‘intend[ed] to continue’ beyond 2020. By 2025 there are aims to increase this beyond ‘a floor’ of €100billion a year through         a collective agreement.

b. The nature and purpose of this finance isn’t clear, this leaves space for it to be fulfilled by private finance. There are
worries that finance will be redirected from existing aid budgets.


7. Article 13 – Transparency: A “facilitative, non-intransitive and non-punitive” system of review will track countries progress.

a. Issue: The rules on reporting are flexible, there is recognition of the difficulties developing countries face in gathering this
information, however, all countries must report regularly. This is especially important for the US and EU who want to keep
an eye on China and avoid ‘carbon leakage’.


8. Article 7 – Adaptation: The deal establishes a “global goal” on adaptation of “enhancing adaptive capacity, strengthening
resilience and reducing vulnerability to climate change”. Countries are bound to engage in adaptation planning that must be
submitted and updated periodically.


9. Article 22Entry into Force: The deal will enter into force once 55 parties, covering 55% of global emissions have signed

Negotiations for the Paris agreement were particularly tense as it had to be carefully crafted to avoid specification as a treaty which would require approval from two-thirds of the US Senate. The Senate is currently dominated by Republicans hostile to action on climate.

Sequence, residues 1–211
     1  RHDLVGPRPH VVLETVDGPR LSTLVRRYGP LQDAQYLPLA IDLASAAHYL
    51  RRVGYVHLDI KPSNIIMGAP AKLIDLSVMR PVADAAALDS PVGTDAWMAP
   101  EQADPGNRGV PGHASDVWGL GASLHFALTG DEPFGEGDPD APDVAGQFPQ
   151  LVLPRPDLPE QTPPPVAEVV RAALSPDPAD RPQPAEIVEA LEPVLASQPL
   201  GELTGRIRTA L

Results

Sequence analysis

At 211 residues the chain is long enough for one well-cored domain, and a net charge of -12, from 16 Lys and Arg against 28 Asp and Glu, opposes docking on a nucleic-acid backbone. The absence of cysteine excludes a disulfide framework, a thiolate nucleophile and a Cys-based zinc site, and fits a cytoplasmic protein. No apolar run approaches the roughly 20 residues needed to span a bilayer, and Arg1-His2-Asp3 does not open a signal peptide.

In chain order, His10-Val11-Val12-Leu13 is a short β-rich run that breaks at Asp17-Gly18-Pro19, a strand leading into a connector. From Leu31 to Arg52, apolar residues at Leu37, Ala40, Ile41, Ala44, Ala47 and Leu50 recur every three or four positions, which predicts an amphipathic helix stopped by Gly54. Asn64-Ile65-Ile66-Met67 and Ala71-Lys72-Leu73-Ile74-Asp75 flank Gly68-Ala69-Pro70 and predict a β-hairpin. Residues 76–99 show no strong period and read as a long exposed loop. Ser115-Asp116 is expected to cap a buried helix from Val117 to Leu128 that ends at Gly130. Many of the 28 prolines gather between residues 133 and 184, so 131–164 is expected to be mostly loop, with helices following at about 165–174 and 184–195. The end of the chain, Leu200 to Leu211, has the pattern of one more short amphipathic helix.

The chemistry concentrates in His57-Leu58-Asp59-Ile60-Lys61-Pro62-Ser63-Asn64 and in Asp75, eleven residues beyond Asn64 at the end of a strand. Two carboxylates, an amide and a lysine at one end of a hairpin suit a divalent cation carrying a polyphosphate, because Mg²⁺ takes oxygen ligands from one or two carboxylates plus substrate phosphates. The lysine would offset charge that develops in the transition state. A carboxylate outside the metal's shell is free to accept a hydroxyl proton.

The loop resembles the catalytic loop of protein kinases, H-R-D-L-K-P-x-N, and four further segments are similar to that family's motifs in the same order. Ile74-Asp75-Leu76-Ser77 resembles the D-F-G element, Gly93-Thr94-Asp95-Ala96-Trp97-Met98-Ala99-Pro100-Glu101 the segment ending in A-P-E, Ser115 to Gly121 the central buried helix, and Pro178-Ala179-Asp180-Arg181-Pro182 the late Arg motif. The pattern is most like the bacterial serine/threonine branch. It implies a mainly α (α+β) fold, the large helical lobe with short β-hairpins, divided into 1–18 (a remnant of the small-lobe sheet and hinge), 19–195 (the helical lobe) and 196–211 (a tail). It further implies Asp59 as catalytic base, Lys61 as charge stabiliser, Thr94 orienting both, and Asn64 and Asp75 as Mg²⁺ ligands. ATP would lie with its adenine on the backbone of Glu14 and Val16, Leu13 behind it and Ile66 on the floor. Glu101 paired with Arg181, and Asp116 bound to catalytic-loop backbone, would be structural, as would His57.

The former Kyoto Protocol focused on ensuring legally binding emissions reductions from developed countries alone. This led to the US refusal to take part, a significant loss for the Protocol. For the Paris agreement, the US was adamant that the climate agreement be universal in securing voluntary commitments from every country.


  • Universal adoption. UN has 193 members, 195 countries accepted the agreement.
  • Unmistakeable intention of the international community to end reliance on fossil-fuels shown by a long-term emissions reduction goal of zero emissions by the second half of this century. This will affect global investment patterns and shift funding from fossil fuels to renewable energy sources.
  • Five year review cycle of all INDCS – it’s been 20 years since the last targets were set in Kyoto.
  • Measures to ensure transparency – these ensure it’s tougher to manipulate data and will ensure all players feel they have to look over their shoulder – there are no outliers.
  • Creates a vision statement for the globe. Creates a new, universal vocabulary with bold objectives that will influence international relations and, therefore, domestic actions.


  • Current INDCs mean a 2.7C rise in global temperatures.
  • The text uses ‘strategic ambiguity’ in many places to avoid being legally binding, a feature which would require the Agreement’s approval from the US Senate. Emissions targets for individual countries are voluntary, however countries are legally bound to report on these emissions.
  • Enforcement may become a problem into the future. For example, the Article 15 mechanism to ensure implementation and compliance is to be specifically “non-adversarial and non-punitive” .
  • Very vague – We need plans as to HOW we will move to zero emissions and an enforceable roadmap to get there. There is no set date for a peak in emissions, or for the achievement of carbon neutrality. These targets are binding at global level but there is nothing binding for countries involved.
  • An important “no-backsliding clause” will force all countries to scale up their ambitions and commitments through the use of regular stocktakes and reviews.

For more information contact the authors:

Sinead Mercier, Climate Change Consultant


Philip Lee, Partner